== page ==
Reviewer: Veronique de Turenne

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Product Details

Knopf Doubleday Publishing Group
Publication date:
Sales rank:
Product dimensions:
6.52(w) x 9.50(h) x 1.00(d)

Read an Excerpt

Chapter 1
When the test came back the nurse called them into the examination room and when the doctor entered the room he just looked at them and asked them to sit down. They could tell by the look on his face where matters stood.
Go on ahead, Dad Lewis said, say it.
I’m afraid I don’t have very good news for you, the doctor said.
When they went back downstairs to the parking lot it was late in the afternoon.
You drive, Dad said. I don’t want to.
Are you feeling so bad, honey?
No. I don’t feel that much worse. I just want to look out at this country. I won’t be coming out here again.
I don’t mind driving for you, she said. And we can come this way again anytime if you want to.
They drove out from Denver away from the mountains, back onto the high plains: sagebrush and soapweed and blue grama and buffalo grass in the pastures, wheat and corn in the planted fields. On both sides of the highway were the gravel county roads going out away under the pure blue sky, all the roads straight as the lines ruled in a book, with only a few small isolated towns spread across the flat open country.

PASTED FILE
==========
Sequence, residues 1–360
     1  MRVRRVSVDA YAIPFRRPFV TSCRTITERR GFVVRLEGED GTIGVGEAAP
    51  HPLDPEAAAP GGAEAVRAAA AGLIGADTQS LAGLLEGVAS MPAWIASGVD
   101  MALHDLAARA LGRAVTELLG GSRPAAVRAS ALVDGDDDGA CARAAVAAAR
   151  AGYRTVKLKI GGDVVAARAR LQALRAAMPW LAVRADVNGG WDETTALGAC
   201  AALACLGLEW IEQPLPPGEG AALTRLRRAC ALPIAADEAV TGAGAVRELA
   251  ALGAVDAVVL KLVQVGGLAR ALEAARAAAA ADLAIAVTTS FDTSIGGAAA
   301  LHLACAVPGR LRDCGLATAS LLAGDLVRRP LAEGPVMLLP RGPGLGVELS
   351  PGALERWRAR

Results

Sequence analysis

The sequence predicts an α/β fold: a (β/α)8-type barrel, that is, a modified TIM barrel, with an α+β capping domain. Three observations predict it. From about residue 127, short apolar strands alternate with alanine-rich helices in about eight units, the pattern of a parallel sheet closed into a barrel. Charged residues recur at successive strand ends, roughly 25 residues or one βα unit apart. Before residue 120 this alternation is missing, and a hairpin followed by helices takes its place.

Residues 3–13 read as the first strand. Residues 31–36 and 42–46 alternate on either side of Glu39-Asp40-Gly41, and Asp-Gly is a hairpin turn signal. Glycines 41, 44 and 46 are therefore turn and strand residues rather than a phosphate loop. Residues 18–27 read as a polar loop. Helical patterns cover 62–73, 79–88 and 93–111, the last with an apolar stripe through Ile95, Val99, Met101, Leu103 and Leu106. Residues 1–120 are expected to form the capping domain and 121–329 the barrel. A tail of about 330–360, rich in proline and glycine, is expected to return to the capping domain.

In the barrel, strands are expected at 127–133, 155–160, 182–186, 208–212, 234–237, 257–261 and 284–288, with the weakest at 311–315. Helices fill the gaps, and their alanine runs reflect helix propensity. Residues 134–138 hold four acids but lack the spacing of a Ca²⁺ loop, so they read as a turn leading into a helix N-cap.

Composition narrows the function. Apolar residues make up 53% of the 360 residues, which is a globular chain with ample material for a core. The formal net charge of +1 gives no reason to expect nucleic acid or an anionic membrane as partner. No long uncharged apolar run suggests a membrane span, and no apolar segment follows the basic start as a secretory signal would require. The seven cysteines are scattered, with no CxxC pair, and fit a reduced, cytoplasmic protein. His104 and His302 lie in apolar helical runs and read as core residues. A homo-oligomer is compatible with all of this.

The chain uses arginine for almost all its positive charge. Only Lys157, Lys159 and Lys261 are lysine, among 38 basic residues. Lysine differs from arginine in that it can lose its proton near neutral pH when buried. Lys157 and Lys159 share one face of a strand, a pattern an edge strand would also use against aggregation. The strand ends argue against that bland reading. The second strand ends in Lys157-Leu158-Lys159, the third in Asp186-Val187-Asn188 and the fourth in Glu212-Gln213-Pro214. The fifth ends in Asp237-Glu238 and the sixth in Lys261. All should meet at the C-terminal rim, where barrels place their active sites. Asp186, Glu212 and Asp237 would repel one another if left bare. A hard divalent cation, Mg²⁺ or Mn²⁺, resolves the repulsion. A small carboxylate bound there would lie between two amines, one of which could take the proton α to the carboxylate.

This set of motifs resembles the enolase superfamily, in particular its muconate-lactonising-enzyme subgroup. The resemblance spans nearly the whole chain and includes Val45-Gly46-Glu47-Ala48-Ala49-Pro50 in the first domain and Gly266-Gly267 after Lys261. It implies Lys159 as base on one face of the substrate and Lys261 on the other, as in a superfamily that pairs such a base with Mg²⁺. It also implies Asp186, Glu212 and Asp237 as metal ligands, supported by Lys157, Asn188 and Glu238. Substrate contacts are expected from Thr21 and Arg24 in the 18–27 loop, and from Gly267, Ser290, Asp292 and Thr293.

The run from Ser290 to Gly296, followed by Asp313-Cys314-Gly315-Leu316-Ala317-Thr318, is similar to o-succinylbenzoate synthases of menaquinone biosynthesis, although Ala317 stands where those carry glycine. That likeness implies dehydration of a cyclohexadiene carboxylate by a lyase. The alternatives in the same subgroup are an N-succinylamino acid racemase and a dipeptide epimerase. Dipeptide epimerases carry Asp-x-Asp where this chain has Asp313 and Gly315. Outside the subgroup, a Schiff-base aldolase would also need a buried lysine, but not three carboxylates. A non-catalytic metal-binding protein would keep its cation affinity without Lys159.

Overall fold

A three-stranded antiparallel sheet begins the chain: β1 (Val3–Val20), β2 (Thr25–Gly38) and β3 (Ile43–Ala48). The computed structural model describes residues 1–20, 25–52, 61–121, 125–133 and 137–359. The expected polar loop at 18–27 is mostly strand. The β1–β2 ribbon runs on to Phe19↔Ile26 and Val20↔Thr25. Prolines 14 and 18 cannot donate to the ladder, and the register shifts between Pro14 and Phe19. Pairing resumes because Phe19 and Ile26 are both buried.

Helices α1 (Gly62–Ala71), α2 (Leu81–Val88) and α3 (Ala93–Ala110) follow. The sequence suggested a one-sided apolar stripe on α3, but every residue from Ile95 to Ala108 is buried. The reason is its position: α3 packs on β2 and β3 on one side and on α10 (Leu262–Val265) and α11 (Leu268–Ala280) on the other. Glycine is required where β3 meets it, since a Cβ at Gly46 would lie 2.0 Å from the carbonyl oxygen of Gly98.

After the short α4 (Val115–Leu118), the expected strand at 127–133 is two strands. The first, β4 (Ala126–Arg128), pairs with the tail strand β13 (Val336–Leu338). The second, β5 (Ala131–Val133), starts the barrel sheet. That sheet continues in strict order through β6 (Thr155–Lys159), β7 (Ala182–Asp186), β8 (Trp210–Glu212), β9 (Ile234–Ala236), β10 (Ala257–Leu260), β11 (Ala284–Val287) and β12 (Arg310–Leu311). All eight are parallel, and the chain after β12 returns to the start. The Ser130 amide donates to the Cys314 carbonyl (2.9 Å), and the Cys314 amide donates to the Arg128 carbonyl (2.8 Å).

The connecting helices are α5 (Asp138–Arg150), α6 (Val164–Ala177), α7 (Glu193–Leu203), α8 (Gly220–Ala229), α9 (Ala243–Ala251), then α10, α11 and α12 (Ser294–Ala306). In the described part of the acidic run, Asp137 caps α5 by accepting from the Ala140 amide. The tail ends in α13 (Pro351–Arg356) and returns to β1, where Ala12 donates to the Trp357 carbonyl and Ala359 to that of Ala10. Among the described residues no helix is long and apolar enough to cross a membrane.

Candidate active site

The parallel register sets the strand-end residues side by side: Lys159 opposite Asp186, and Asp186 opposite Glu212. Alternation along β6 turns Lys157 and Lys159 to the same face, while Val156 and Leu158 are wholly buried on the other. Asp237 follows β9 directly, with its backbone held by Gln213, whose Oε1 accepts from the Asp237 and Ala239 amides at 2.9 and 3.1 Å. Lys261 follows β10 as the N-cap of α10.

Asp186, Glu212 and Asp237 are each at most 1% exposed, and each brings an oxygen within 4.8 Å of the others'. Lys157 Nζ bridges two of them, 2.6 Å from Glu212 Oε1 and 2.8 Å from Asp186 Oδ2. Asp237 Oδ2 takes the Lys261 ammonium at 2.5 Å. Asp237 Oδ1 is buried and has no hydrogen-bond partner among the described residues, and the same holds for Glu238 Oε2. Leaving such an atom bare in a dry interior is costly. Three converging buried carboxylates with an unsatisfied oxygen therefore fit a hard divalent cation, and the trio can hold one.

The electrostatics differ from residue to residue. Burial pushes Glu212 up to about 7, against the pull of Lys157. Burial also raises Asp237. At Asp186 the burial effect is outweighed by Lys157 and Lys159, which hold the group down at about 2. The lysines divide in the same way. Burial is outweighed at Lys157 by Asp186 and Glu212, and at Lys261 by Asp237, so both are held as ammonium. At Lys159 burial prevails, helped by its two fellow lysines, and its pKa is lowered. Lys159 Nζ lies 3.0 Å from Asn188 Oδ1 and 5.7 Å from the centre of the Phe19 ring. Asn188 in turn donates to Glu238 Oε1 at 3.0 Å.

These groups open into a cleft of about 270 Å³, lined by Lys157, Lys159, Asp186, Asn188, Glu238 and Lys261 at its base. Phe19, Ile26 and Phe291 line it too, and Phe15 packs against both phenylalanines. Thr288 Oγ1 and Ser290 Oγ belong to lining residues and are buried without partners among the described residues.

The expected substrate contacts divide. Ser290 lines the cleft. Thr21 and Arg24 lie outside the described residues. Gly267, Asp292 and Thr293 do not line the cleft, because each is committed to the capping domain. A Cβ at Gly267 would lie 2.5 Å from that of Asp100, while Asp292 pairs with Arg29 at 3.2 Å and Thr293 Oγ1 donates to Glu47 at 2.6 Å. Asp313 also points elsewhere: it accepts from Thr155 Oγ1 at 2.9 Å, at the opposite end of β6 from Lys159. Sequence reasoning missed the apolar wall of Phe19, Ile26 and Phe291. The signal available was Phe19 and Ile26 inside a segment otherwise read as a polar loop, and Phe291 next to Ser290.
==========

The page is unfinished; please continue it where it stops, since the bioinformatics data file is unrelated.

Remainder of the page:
It was sundown when they got home. By then the air was starting to cool off. She parked the car in front of their house at the west edge of Holt on the gravel street and Dad got out and stood looking for a while. The old white house built in 1904, the first on the street which wasn’t even much of a street then, and still only three or four houses there yet when he bought it in 1948, the year he and Mary were married. He was twenty-two, working at the hardware store on Main Street, then the old lame man who owned it made up his mind to move away to live with his daughter and he offered Dad the option of purchasing it, and he was a known man in town by then, the bankers knew him, and gave him the loan without question. So he was the proprietor of the local hardware store.
It was a frame house sided with clapboard, two-story with a red shingled roof, with an old-fashioned black wrought iron fence around it and an iron gate with spears and hard loops at the top. Out back was an old red barn and a pole corral grown over with tall weeds, and beyond that there was nothing but the open country.
He went inside to the downstairs bedroom to put on old pants and a sweater and came back out and sat down in one of the porch chairs.